First off, I'm not really a DBA... I'm learning as I go. The office I work in has a lot of problems when it comes to the integrity and reliability of data stored in our Oracle database. One of the little things I'm wanting to resolve is the duplication of lookup values across different applications.

Everytime a new feature is added, new lookup tables have typically been created and nothing is reused. Then, later, everyone complains when data in different applications doesn't marry up (well durr... you changed the lookup value for one app, but not another, or you allowed the user to manually enter data introducing mispellings and nonstandard values).

Sometimes, new lookups are created because at the time, no one is aware that a lookup table for X purpose already exists - or where it exists.

So I was thinking of creating a "reference" or "lookup" or "standard" schema for the various standards and lookup tables that we use across multiple applications (we typically have created a new schema for a new application). All of these applications are really a part of one "enterprise system" - only they've been built in a sort of "stovepipe" way such that while it would be tremendously advantageous for them to more easily share data, they don't. I'm tired of reinventing the world every time a project comes along for some new tool.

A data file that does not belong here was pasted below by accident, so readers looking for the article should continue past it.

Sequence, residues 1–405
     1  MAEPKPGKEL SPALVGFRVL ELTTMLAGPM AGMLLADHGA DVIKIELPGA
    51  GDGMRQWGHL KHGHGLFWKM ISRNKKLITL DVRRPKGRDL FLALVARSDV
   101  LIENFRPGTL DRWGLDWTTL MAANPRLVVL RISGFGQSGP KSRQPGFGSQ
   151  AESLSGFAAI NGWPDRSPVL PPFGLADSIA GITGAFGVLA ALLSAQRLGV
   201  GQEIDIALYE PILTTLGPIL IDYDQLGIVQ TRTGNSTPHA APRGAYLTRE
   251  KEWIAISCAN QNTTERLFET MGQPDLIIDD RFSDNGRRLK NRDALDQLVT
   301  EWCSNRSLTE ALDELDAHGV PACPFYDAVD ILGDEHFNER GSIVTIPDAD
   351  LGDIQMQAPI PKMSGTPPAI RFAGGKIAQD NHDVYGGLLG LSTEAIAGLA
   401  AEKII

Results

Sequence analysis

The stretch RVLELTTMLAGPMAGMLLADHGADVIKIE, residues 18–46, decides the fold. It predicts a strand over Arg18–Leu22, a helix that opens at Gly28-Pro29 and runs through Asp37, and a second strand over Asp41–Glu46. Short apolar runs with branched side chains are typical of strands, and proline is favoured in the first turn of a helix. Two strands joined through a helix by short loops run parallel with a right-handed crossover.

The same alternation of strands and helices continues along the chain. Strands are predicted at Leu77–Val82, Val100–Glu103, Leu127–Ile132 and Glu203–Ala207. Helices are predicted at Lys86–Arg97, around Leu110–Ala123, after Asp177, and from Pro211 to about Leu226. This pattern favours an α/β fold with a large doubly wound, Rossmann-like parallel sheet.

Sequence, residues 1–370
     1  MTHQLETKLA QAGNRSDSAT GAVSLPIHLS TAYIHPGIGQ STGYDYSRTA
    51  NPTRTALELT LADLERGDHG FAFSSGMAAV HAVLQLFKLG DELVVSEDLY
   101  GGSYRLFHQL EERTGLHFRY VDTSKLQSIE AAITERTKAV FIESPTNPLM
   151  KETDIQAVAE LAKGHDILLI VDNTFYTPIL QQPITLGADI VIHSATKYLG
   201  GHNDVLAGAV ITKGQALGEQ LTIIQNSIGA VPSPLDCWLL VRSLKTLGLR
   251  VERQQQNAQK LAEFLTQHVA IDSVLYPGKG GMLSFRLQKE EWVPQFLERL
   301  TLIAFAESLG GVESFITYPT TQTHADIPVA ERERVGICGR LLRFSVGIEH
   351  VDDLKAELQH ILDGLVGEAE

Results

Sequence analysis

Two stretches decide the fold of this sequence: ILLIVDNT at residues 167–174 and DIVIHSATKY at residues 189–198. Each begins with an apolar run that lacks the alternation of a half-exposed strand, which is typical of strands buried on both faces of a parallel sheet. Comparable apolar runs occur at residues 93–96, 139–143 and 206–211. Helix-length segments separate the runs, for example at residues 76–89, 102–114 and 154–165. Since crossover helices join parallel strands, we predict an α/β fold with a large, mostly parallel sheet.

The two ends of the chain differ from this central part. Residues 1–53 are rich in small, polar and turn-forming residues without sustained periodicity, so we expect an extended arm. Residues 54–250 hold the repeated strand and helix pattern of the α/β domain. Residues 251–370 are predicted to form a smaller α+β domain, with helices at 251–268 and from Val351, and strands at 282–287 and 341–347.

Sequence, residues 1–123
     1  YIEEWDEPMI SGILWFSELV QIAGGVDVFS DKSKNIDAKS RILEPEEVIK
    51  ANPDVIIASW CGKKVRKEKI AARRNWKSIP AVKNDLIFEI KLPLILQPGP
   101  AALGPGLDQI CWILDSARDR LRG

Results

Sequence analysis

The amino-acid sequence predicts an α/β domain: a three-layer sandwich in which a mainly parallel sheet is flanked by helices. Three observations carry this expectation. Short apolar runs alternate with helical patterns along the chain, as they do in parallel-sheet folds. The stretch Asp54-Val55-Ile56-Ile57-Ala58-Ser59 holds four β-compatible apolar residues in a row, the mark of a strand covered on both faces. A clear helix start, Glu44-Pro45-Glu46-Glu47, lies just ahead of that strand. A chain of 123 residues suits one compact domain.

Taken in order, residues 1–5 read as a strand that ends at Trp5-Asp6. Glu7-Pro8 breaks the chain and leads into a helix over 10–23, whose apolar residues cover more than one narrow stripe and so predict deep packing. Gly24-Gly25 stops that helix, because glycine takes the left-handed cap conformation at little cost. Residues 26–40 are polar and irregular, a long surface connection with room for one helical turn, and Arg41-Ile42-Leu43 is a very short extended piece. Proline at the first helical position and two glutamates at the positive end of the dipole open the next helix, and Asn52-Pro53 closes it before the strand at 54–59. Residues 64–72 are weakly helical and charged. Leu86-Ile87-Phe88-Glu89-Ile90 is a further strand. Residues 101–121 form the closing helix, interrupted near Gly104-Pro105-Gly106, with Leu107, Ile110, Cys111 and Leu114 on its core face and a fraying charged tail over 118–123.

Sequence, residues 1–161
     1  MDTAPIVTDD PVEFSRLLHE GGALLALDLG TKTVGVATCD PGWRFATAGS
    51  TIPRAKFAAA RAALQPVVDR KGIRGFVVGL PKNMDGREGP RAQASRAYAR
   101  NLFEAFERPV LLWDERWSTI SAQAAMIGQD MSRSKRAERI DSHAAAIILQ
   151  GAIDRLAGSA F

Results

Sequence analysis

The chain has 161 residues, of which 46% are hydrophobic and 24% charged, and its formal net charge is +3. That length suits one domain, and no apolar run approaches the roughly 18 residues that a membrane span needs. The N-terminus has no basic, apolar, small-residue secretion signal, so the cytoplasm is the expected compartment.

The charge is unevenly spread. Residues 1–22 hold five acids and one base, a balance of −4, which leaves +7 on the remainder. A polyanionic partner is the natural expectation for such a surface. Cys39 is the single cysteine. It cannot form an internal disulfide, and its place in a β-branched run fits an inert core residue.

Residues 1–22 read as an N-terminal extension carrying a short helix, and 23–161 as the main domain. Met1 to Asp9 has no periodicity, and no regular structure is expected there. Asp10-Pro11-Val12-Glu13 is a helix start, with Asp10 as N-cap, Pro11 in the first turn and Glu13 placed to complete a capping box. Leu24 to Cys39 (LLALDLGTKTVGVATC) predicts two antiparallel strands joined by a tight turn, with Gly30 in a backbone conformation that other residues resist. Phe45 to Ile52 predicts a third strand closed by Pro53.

Is this a good idea or bad?

9 Years
Discussion Span
Last Post by debasisdas

Sounds like a good idea to me. Once you have created the lookuptables in this schema you can simply grant select on the table to the other application schemas. It can then be referenced by select * from schema_name.table_name; or you could create a synonym to g=to get rid of the schema name.

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